General Motors and its Chinese partner Shanghai Automotive Industry Corp. have come to an agreement that GM will have equal control of key decisions in their Shanghai General Motors Co. joint venture, according to reports from Reuters and The Wall Street Journal. Currently, GM controls 49% of the joint venture while SAIC holds 51% control.
GM's Chief Executive Officer Dan Akerson disclosed to the Journal that the companies intend to divide Shanghai GM into two units, namely operations and sales. General Motors would own 50% of the operations unit, which would create product decisions.
On the other hand, SAIC would keep 51% of the sales unit, allowing the Chinese vehicle manufacturer to book the revenue of the joint venture. The municipal authorities of Shanghai and the central government have yet to approve the deal. Akerson informed the Journal that he looks forward to obtain approval in the "intermediate to near term." In 2009, SAIC gained control of the partnership when a cash-strapped GM sold a 1% share for $84.5 million.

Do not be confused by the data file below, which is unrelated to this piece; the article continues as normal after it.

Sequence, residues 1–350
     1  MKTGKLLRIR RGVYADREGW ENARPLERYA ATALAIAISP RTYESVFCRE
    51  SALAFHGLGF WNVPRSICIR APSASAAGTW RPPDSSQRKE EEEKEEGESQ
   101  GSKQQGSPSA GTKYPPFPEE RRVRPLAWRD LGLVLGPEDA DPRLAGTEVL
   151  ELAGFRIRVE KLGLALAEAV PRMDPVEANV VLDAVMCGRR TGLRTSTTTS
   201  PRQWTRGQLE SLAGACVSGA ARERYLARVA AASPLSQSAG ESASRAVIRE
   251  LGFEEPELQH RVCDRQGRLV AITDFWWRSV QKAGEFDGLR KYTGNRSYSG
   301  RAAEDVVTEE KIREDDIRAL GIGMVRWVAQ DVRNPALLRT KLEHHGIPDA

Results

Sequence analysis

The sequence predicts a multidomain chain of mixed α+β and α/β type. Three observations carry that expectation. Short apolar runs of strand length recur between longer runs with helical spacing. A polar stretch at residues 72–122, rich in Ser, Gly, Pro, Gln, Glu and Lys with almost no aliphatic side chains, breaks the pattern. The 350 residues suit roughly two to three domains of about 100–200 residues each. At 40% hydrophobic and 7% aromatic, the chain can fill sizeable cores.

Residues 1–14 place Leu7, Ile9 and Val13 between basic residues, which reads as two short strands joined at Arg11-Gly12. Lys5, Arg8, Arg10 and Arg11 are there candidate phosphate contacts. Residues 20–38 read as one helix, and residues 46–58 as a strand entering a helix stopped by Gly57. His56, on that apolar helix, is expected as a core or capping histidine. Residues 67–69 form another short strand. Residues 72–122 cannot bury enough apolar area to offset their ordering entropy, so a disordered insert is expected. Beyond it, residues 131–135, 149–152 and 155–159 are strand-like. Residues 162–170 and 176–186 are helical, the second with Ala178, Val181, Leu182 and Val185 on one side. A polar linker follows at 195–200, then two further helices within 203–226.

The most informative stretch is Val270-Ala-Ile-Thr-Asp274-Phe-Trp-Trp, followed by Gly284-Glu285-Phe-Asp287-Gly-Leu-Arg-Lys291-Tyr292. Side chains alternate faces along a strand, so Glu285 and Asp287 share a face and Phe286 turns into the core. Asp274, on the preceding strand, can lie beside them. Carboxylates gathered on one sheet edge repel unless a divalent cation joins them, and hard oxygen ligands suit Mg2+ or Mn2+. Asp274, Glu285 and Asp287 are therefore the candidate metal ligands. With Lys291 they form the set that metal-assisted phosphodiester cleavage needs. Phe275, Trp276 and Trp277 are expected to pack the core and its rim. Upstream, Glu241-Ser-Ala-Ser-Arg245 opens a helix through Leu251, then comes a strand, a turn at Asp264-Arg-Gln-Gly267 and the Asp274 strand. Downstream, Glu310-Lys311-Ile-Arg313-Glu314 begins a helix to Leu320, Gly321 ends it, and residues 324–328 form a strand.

Since then, the two automakers have worked closely on several endeavors, including the sale of microvans in India, the launch of the new Chinese vehicle brand Baojun and the export of automobiles to South America. During the initial public offering of GM in 2010, SAIC obtained a 1% share in the Detroit vehicle manufacturer for around $500 million.
The new deal strengthens a relationship between SAIC and GM that is beginning to look like a worldwide alliance. Shanghai GM is already the largest vehicle manufacturer in China in terms of sales. SAIC is in a similar joint venture with Volkswagen AG, with a 50-50 share. The venture is called Shanghai Volkswagen.